All the gear we use on Isbjorn has been chosen by us, usually after having been recommended by people with way more experience than us! Some of the gear listed below is sponsored, but only after we've reached out to the companies, not vice versa. If it's not noted as being sponsored, we've bought it like anyone else.
OSR Cat. 1 Safety Equipped
Safety is our #1 priority onboard Isbjorn, and we take it very seriously. The boat itself is maintained & equipped to at least World Sailing (formerly ISAF) Offshore Special Regulations (OSR) Category 1 standards for offshore racing. They are defined above.
In addition to standards on how the boat is actually built and how some of its structure is put together & maintained, the Cat 1 standards apply vigorously to all onboard safety equipment, from personal PFDs to EPIRBs and liferafts. These standards are very high, often exceeding individual country Coast Guard regulations by a large margin. For example, we don't just have any old liferaft aboard Isbjorn - we carry an ISO-9650 certified Viking raft, meant to be used far offshore and keep it's occupants safe for over 24 hours while waiting for rescue. All safety gear is not created equal, by a longshot, and World Sailings goal is to ensure folks going offshore meet certain standards. Stuff like that.
You can download the complete PDF of the OSR Cat. 1 guidelines by clicking here. The only level higher than Cat 1 is Cat 0, geared more towards Southern Ocean & round-the-world racing. Isbjorn indeed even fulfills some, but not all, of the Cat 0 standards. Click here for the complete OSR Cat. 0 guidelines.
Sails & Rigging
Hydranet Working Sails
Isbjorn is equipped with the highest quality offshore cruising sails money can buy. We aim to set an example & be the best of the best. Our three working sails were designed by Chuck O'Malley of Chesapeake Sailmakers in Annapolis, and built in South Africa. They are Dimension Polyant 'Hydranet' woven cloth (a blend of dacron & dyneema fibers), built in a tri-radial construction. Our inventory includes the following:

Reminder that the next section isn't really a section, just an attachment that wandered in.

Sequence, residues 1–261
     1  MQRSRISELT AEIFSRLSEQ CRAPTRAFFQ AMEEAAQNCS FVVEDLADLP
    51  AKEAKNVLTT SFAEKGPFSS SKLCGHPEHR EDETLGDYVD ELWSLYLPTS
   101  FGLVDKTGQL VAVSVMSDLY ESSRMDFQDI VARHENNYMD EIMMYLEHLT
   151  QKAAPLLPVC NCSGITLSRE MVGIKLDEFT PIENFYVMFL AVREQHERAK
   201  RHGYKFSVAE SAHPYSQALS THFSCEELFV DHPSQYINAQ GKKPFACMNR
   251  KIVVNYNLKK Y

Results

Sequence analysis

- Fully-battened mainsail with 3 deep reefs (double-line slab reefing)
- 135% genoa, tri-radial, set on roller-furler with 2 reinforced reef patches on tack & clew.
- 105% genoa, tri-radial, set on roller-furler
- Heavy-weather inner forestaysail, set on Colligo Dux removeable inner forestay.
- Asymmetric spinnaker, set on the pole similarly to a symmetric spin OR with an ATN 'tacker' at the bow.
Isbjorn's standing rigging is 1x19 stainless steel wire, with Sta-Lok mechanical fittings at deck-level & swaged fittings aloft. Except for the backstay, where it's a 11mm Colligo Dux synthetic stay. We also have a removeable Dux inner forestay, and removeable Dux running backstays, attached to the mast at the upper spreaders with Colligo 'cheeky tangs.'
Our running rigging is mostly 10-14mm dyneema cored double-braided rope. We use a mix of Rutgerson, Harken & Antal deck hardware, and Lewmar winches.
Where possible, most of our attachments for blocks, strops, etc. are dyneema or Colligo soft shackles, to save the wear and tear you get from metal-on-metal shackle connections.
We carry an ATN mastclimber bosun's chair for going aloft. I can use this on my own, but 9 times out of 10 we use just the chair part of it, and I free-climb while Mia takes up slack on a halyard below. It looks, and is, extremely simple, but is the most comfortable chair I've ever used, and I used to work as a rigger!
In the 18,000+ miles we've sailed in two and a half years on Isbjorn, we've only had sustained winds over 30 knots once, while crossing the Atlantic in summer 2017 (see photo above). But we're ready if it does blow.
We adhere to the three (or sometimes 4) reefs in the mainsail, foregoing the trysail like Skip Novak, as it's easier to set a sail already there (but you have to be careful). Isbjorn came with a separate trysail track and trysail, so we keep it onboard, but we'd likely not use it.
We've also got the removable Dux inner forestay with hank-on forestaysail, which we've rigged several times, but never in anger. We use this sail if we have to heave-to (which we've done on occasion to rest), as we can more easily lead the sheets in such a way as to avoid chafe.
Jordan Series Drogue
For the true survival storm scenario, which we hope to never encounter, we carry a Jordan Series Drogue we bought from Oceanbrake, with dedicated chainplates installed on either side of the transom. The drogue lives coiled in an IKEA bag in the lazarette, ready to deploy at a moment's notice.
Engineroom & Charging
Isbjorn came with a Yanmar 4jH3E engine when we bought her, but in winter 2017 we're replacing it with a Beta Marine 60HP diesel, a marinized Kubota tractor engine. This will power an 18", 3-blade MaxProp. 12V power will come from the Beta-supplied 175-amp alternator. Unlike the photo, our's will be painted 'Kubota Blue' after the little 16-HP Beta we installed on Arcturus before we sold her. I have bad luck with red engines ;)
Offshore, Isbjorn gets all the electricity she needs and then some from our Watt & Sea hydrogenerator, that I wrote about for morganscloud.com. In short, it works GREAT for us since we're doing so much sailing!